Books on Tap

Books on Tap is currently meeting by Zoom!  Please register using our Events calendar to join.  Unless otherwise noted, all books are available on Hoopla as ebooks and audio books, and physical copies can be picked up at the Reader Advisory desk.

Upcoming Selections

The Dutch House book coverThursday, December 17 at 7 p.m.
The Dutch House by Ann Patchett

Set over the course of five decades, The Dutch House is a dark fairy tale about two smart people who cannot overcome their past.  A richly moving story that explores the indelible bond between two siblings, the house of their childhood, and a past that will not let them go. The Dutch House is the story of a paradise lost, a tour de force that digs deeply into questions of inheritance, love and forgiveness, of how we want to see ourselves and of who we really are.

Audio version available on Hoopla read by Tom Hanks.  No ebook on Hoopla, print copies will be available at the library.

Horns book coverThursday, January 21 at 7 p.m.
Horns by Joe Hill

Ignatius Perrish spent the night drunk and doing terrible things. He woke up the next morning with a pair of horns growing from his temples. At first, Ig thought the horns were a hallucination, the product of a mind damaged by rage and grief. He had spent the last year in a lonely, private purgatory, following the death of his beloved, Merrin Williams. A mental breakdown would have been the most natural thing in the world. But there was nothing natural about the horns, which were all too real.

 

Pigs book coverThursday, February 18 at 7 p.m.
Pigs by Johanna Stoberock

Four children live on an island that serves as the repository for all the world’s garbage. Trash arrives, the children sort it, and then they feed it to a herd of insatiable pigs: a perfect system. But when a barrel washes ashore with a boy inside, the children must decide whether he is more of the world’s detritus, meant to be fed to the pigs, or whether he is one of them. Written in exquisite prose, Pigs asks questions about community, environmental responsibility, and the possibility of innocence.

 

Previous Books Discussed

2020
Why We Swim by Bonnie Tsui
The Hate U Give by Angie Thomas
My Dear Hamilton by Stephanie Dray and Laura Kamoie
Night Theater by Vikram Paralkar
The 7 1/2 Deaths of Evelyn Hardcastle by Stuart Turton
The Good Neighbor by Maxwell King
The Leavers by Lisa Ko
The Mars Room by Rachel Kushner
We Cast a Shadow by Maurice Carlos Ruffin
My Year of Rest and Relaxation by Ottessa Moshfegh

2019
Elevation by Stephen King
The Couple Next Door by Shari Lapena
World War Z by Max Brooks
Dark Matter by Blake Crouch
Exit West by Mohsin Hamid
Sing, Unburied, Sing by Jesmyn Ward
Lincoln in the Bardo by George Saunders
All the Light We Cannot See by Anthony Doerr
Pilgrim at Tinker Creek by Annie Dillard
Little Fires Everywhere by Celest Ng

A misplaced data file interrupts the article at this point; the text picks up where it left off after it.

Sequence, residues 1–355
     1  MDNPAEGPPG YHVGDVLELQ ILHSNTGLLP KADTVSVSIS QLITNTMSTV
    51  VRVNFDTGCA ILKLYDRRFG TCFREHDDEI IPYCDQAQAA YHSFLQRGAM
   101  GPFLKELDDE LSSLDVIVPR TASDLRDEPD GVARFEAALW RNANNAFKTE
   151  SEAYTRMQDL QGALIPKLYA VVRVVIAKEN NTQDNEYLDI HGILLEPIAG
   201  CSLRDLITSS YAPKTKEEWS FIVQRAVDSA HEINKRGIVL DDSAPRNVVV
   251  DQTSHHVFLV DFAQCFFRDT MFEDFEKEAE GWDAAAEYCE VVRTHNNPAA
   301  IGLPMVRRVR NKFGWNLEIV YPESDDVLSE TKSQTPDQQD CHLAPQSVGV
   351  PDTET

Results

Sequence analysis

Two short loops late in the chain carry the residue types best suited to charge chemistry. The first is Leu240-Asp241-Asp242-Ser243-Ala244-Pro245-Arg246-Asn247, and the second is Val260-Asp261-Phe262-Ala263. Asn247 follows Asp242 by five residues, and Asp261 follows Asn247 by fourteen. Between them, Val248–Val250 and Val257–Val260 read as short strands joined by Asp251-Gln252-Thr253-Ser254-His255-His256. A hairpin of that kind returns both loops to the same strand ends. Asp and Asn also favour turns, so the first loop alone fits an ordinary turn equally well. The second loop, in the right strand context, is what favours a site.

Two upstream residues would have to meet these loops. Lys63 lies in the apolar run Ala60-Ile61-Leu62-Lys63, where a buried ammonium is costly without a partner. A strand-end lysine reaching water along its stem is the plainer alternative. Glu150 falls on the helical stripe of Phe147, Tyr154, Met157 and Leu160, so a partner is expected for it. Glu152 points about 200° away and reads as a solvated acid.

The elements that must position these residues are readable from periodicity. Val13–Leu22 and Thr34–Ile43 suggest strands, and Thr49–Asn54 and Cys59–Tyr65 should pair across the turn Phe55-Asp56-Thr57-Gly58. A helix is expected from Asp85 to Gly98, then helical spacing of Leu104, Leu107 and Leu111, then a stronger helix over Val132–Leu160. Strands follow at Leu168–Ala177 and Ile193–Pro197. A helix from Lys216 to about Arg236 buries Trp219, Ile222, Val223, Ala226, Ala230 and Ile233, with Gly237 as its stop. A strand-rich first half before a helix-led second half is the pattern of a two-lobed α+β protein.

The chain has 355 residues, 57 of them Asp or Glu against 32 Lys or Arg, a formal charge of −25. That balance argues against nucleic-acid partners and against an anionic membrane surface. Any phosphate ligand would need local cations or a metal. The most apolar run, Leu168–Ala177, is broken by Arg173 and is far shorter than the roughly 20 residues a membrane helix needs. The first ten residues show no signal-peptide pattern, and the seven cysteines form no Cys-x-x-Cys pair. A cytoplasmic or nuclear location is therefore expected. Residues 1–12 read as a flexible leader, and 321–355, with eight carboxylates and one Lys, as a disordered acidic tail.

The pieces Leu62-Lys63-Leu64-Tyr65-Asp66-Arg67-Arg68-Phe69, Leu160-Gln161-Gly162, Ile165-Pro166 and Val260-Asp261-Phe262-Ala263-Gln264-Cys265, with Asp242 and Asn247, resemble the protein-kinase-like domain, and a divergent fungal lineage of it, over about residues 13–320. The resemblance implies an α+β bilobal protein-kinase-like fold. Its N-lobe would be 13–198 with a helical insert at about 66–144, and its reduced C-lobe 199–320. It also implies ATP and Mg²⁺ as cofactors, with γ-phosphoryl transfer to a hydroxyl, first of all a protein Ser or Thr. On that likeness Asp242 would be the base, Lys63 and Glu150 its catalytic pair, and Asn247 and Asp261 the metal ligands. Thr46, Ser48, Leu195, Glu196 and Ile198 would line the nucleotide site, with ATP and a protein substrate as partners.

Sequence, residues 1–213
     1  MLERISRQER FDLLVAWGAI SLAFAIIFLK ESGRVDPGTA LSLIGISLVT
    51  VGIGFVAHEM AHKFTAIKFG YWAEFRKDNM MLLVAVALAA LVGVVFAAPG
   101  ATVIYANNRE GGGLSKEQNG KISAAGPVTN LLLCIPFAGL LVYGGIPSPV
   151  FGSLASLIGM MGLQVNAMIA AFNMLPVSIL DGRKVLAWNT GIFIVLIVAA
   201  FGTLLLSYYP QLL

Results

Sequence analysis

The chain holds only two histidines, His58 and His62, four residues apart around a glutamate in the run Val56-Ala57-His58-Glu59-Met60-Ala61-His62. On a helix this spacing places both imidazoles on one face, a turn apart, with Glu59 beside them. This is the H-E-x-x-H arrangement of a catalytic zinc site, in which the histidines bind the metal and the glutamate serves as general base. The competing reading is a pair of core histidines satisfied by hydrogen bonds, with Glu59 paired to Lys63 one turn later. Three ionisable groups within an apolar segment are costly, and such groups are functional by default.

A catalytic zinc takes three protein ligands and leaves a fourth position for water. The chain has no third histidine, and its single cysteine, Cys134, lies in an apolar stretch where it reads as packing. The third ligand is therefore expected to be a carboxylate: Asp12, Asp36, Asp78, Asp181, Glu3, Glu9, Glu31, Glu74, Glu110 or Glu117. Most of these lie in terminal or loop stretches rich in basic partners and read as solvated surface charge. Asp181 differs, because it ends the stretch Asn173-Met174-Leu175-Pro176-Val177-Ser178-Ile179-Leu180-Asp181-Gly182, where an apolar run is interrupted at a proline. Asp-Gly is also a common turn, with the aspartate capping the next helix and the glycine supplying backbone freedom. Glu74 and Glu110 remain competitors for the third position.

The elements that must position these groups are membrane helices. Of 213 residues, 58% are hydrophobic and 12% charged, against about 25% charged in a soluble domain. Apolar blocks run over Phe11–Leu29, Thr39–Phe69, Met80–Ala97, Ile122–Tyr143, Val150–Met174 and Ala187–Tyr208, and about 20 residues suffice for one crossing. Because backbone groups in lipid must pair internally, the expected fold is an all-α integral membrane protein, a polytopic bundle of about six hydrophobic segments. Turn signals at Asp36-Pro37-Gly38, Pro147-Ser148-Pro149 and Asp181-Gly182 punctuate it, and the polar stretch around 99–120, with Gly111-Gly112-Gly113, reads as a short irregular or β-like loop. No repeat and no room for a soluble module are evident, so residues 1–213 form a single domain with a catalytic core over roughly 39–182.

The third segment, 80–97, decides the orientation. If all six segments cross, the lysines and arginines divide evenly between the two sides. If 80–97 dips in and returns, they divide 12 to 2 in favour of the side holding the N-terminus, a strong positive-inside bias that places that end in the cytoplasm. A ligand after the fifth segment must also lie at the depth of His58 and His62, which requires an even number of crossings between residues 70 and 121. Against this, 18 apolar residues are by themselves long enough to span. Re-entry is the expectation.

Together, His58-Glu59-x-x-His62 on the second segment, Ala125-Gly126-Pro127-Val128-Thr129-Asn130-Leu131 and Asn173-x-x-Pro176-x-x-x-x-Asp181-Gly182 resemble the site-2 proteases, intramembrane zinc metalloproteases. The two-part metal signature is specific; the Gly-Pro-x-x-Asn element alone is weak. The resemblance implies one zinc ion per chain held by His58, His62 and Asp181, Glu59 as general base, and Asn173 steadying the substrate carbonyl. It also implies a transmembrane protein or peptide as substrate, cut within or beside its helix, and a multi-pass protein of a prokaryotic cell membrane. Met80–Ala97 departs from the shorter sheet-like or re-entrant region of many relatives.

Kindred by Octavia Butler
Bel Canto by Ann Patchett

2018
The Shadow of the Wind by Carlos Ruiz Zafon
Kitchen Confidential by Anthony Bourdain – available via Interlibrary Loan
The Call of Cthulhu and other weird stories by H.P. Lovecraft
The Round House by Louise Erdrich
The Heart is a Lonely Hunter by Carson McCullers
Orfeo by Richard Powers
The Windup Girl by Paolo Bacigalupi
Sense and Sensibility by Jane Austen
Annihilation by Jeff Vandermeer
The Art of Fielding by Chad Harbach
Underground Railroad by Colson Whitehead
Lab Girl by Hope Jahren

2017
If On a Winter’s Night a Traveler by Italo Calvino
The Accursed by Joyce Carol Oates
On Beauty by Zadie Smith
Moo by Jane Smiley
Libra by Don Delillo
The Man in the High Castle by Philip K. Dick
Citizen: An American Lyric by Claudia Rankine
The Blind Assassin by Margaret Atwood
Love, Dishonor, Marry, Die, Cherish, Perish by David Rakoff
Ready Player One by Ernest Cline
Fates and Furies by Lauren Groff
I Wear The Black Hat by Chuck Klosterman

2016
The Enchanted by Rene Denfeld
The Magicians by Lev Grossman
The Narrow Road to the Deep North by Richard Flanagan
Station Eleven by Emily St. John Mandel
A Thousand Years of Good Prayers by Yiyun Li
Train Dreams by Denis Johnson
Humboldt’s Gift by Saul Bellow
The Book Thief by Markus Zusak
Year of Wonders by Geraldine Brooks
Heart of Darkness by Joseph Conrad
A Game of Thrones by George R. R. Martin

2015
Once Upon a River by Bonnie Jo Campbell
White is for Witching by Helen Oyeyemi
Orphan Master’s Son by Adam Johnson
May We Be Forgiven by A.M. Homes
Hope: A Tragedy by Shalom Auslander
How To Be Both by Ali Smith
A Tale for the Time Being by Ruth Ozeki
Invisible Monsters by Chuck Palahniuk
The Princess Bride by William Goldman
The Sparrow by Maria Doria Russell
Americanah by Chimamanda Ngozi Adichie
Tenth of December by George Saunders

2014
Me Before You by Jojo Moyes
City of Thieves by David Benioff
Hunger by Knut Hamsun
A Good Man Is Hard to Find, and other stories by Flannery O’Connor
The Good Lord Bird by James McBride
American Gods by Neil Gaiman
The Contortionist’s Handbook by Craig Clevenger
An Untamed State by Roxane Gay
Housekeeping by Marilynne Robinson

2013
The Fault in Our Stars by John Green
Asterios Polyp by David Mazzucchelli
The Wind-Up Bird Chronicle: A Novel by Haruki Murakami
Assassination Vacation by Sarah Vowell
Perfume: The Story of a Murder by Patrick Suskind

2012
A Night of Serious Drinking by René Daumal
The Master and Margarita by Mikhail Bulgakov
How Should A Person Be? by Sheila Heti
Goodbye Columbus and Five Short Stories by Philip Roth
What is the What by Dave Eggers
A Confederacy of Dunces by John Kennedy Toole
Honored Guest: Stories by Joy Williams

2011
Just Kids by Patti Smith
Super Sad True Love Story by Gary Shteyngart
Wonder Boys by Michael Chabon
Breakfast of Champions by Kurt Vonnegut
The Stupidest Angel by Christopher Moore